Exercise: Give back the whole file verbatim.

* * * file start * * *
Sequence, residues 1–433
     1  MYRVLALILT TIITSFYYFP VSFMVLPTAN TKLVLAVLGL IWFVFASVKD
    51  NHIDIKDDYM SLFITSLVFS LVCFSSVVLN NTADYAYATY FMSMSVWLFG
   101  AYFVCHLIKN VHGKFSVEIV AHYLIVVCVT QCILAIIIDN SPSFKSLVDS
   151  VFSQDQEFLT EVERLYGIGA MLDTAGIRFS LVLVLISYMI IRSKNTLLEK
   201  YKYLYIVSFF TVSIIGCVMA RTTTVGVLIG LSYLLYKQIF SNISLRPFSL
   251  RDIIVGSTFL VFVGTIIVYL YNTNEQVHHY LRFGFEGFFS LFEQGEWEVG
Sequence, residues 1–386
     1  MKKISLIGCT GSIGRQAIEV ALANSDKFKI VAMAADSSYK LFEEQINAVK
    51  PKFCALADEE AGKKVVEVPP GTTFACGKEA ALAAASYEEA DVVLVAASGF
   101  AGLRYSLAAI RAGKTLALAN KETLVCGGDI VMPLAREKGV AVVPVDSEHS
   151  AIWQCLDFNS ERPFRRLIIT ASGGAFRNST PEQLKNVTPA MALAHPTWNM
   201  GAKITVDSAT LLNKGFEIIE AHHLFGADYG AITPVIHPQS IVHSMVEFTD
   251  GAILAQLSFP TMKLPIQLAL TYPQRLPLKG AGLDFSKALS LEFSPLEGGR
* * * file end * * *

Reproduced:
Sequence, residues 1–433
     1  MYRVLALILT TIITSFYYFP VSFMVLPTAN TKLVLAVLGL IWFVFASVKD
    51  NHIDIKDDYM SLFITSLVFS LVCFSSVVLN NTADYAYATY FMSMSVWLFG
   101  AYFVCHLIKN VHGKFSVEIV AHYLIVVCVT QCILAIIIDN SPSFKSLVDS
   151  VFSQDQEFLT EVERLYGIGA MLDTAGIRFS LVLVLISYMI IRSKNTLLEK
   201  YKYLYIVSFF TVSIIGCVMA RTTTVGVLIG LSYLLYKQIF SNISLRPFSL
   251  RDIIVGSTFL VFVGTIIVYL YNTNEQVHHY LRFGFEGFFS LFEQGEWEVG
Sequence, residues 1–386
     1  MKKISLIGCT GSIGRQAIEV ALANSDKFKI VAMAADSSYK LFEEQINAVK
    51  PKFCALADEE AGKKVVEVPP GTTFACGKEA ALAAASYEEA DVVLVAASGF
   101  AGLRYSLAAI RAGKTLALAN KETLVCGGDI VMPLAREKGV AVVPVDSEHS
   151  AIWQCLDFNS ERPFRRLIIT ASGGAFRNST PEQLKNVTPA MALAHPTWNM
   201  GAKITVDSAT LLNKGFEIIE AHHLFGADYG AITPVIHPQS IVHSMVEFTD
   251  GAILAQLSFP TMKLPIQLAL TYPQRLPLKG AGLDFSKALS LEFSPLEGGR